Friday, November 27, 2015

Life on the ledge, Hburg falcon eggs hatch, NYC hawks out

Time to tune in to Falconcam.

Life on the ledge, Hburg falcon eggs hatch, NYC hawks out


UPDATE: Two falcon eggs hatched in quick succession today. Tune in to see the little balls of white fluff.

Time to tune in to Falconcam.

The ledge atop the Rachel Carson building in downtown Harrisburg is busy with pre-baby arrival activity as the first egg of the 2012 peregrine falcon nesting season is set to hatch.

The falcons are nesting - as they have every year since 2004 -  once again on the ledge of the building housing the state Department of Environmental Protection.

The Carson building is named - appropriately - for Pennsylvania's own groundbreaking scientist who a half-century ago warned the world of the dangers of DDT, the pesticide that nearly wiped out the peregrine falcon population.

Today thie Carson building can take credit for being the nursery for at least two dozen baby falcons who have gone on to find mates and nest on skyscrapers and bridges far beyond Harrisburg.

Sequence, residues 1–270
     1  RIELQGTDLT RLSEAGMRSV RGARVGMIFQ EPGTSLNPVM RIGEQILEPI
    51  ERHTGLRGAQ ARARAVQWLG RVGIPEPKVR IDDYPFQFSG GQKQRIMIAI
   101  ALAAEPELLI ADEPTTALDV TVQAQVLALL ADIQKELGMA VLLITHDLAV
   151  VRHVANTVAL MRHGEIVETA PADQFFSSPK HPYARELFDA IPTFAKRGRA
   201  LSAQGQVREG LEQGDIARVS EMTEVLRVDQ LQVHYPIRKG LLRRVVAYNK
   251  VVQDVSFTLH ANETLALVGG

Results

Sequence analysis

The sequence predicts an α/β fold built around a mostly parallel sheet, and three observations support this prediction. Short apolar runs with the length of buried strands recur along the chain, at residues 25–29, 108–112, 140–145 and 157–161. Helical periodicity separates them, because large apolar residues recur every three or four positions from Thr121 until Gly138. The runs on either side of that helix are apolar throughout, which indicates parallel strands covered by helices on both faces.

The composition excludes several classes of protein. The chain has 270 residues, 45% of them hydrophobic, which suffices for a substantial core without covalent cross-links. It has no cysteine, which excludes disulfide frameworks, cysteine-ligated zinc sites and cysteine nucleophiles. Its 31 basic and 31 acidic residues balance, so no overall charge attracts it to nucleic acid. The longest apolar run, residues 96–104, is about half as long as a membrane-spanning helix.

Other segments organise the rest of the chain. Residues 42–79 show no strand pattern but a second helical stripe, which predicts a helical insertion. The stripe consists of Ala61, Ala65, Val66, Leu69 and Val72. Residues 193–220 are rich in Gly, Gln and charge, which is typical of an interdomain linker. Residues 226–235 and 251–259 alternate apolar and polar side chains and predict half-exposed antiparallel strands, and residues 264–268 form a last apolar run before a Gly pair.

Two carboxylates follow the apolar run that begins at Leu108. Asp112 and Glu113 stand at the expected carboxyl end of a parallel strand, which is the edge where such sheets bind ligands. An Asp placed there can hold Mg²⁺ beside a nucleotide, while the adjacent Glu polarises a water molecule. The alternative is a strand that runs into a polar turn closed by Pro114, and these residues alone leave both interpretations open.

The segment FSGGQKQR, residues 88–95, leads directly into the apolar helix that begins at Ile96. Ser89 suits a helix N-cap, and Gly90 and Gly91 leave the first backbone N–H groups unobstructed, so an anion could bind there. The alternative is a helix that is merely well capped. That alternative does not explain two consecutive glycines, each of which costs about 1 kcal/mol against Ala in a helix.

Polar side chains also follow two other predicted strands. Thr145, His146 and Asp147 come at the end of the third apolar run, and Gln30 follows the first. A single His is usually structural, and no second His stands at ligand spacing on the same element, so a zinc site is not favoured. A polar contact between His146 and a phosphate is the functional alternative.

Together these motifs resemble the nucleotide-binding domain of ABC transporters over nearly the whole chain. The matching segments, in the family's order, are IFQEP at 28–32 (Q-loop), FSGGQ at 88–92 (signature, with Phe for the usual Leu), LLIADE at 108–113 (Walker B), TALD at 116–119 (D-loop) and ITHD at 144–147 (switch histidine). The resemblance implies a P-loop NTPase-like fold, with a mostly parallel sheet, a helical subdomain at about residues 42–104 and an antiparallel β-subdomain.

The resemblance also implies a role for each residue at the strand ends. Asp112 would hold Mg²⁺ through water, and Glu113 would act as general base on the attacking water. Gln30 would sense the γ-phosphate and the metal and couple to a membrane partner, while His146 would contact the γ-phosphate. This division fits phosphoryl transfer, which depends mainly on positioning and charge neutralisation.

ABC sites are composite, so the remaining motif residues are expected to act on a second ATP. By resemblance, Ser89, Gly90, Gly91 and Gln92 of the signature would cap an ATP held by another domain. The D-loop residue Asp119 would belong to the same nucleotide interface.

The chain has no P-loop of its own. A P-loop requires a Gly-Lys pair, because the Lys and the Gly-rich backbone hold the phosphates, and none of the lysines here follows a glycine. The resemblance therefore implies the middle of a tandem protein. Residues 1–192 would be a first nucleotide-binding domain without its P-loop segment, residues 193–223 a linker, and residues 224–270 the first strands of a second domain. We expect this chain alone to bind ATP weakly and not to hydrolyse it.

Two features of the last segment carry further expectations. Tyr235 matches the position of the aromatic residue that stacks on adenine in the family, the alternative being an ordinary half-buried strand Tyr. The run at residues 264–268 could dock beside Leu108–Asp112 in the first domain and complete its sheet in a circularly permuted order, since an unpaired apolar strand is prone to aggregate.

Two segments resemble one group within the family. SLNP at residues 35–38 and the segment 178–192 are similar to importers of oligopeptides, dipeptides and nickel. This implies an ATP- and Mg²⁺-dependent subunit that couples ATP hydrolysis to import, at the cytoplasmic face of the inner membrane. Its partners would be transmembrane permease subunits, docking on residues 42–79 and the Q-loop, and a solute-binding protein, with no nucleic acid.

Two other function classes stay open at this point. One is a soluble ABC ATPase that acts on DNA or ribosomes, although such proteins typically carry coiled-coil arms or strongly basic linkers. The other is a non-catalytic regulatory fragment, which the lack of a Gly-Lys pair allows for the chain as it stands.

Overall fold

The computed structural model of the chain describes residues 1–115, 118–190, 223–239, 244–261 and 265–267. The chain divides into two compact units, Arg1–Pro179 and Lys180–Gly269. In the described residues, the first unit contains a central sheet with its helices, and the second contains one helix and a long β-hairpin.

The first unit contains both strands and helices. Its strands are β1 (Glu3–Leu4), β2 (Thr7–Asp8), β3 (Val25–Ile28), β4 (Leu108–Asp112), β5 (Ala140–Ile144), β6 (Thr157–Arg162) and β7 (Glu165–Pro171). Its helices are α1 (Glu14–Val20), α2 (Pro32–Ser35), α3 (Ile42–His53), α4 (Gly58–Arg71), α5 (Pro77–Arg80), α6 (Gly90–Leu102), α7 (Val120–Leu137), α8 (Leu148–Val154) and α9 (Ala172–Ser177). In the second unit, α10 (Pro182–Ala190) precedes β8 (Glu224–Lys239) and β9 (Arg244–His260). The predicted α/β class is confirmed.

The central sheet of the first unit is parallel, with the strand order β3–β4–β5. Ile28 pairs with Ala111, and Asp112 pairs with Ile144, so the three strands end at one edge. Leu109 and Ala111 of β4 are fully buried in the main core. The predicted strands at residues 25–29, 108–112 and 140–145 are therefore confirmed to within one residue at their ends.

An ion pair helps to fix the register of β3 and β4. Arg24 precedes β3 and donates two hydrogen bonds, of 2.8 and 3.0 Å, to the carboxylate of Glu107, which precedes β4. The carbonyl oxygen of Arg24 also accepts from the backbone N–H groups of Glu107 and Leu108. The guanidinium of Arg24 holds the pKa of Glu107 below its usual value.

Back to the ledge at the moment, state falcon experts say that based on past incubation periods, we can expect the first egg of four eggs to hatch soon.

The female is exhibiting behavior that would suggest this as well. Some of the eggs have white spots on them, also an indication that the first hatchling will arrive very soon. The close camera views are provided to get the best coverage of this fascinating point in a Peregrine Falcon's reproductive cycle.

You can subscribe to news alerts and sign up for the Falcon Twitter feed for the most up-to-date information. Also coming up in the next six weeks or so, will be the public banding event for the babies, which is live streamed on the DEP website.

New York City's red-tail hawks beat the Pennsylvania falcons to the punch in the hatchling department. 

The two chicks born to a mating pair of hawks nesting on a ledge on the New York University's Greenwich Village campus made their debut last week. Watch their progress - and yummy dining on rat entrails and pigeon innards - on hawkcom.

Inquirer Staff Writer
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Amy Worden Inquirer Staff Writer
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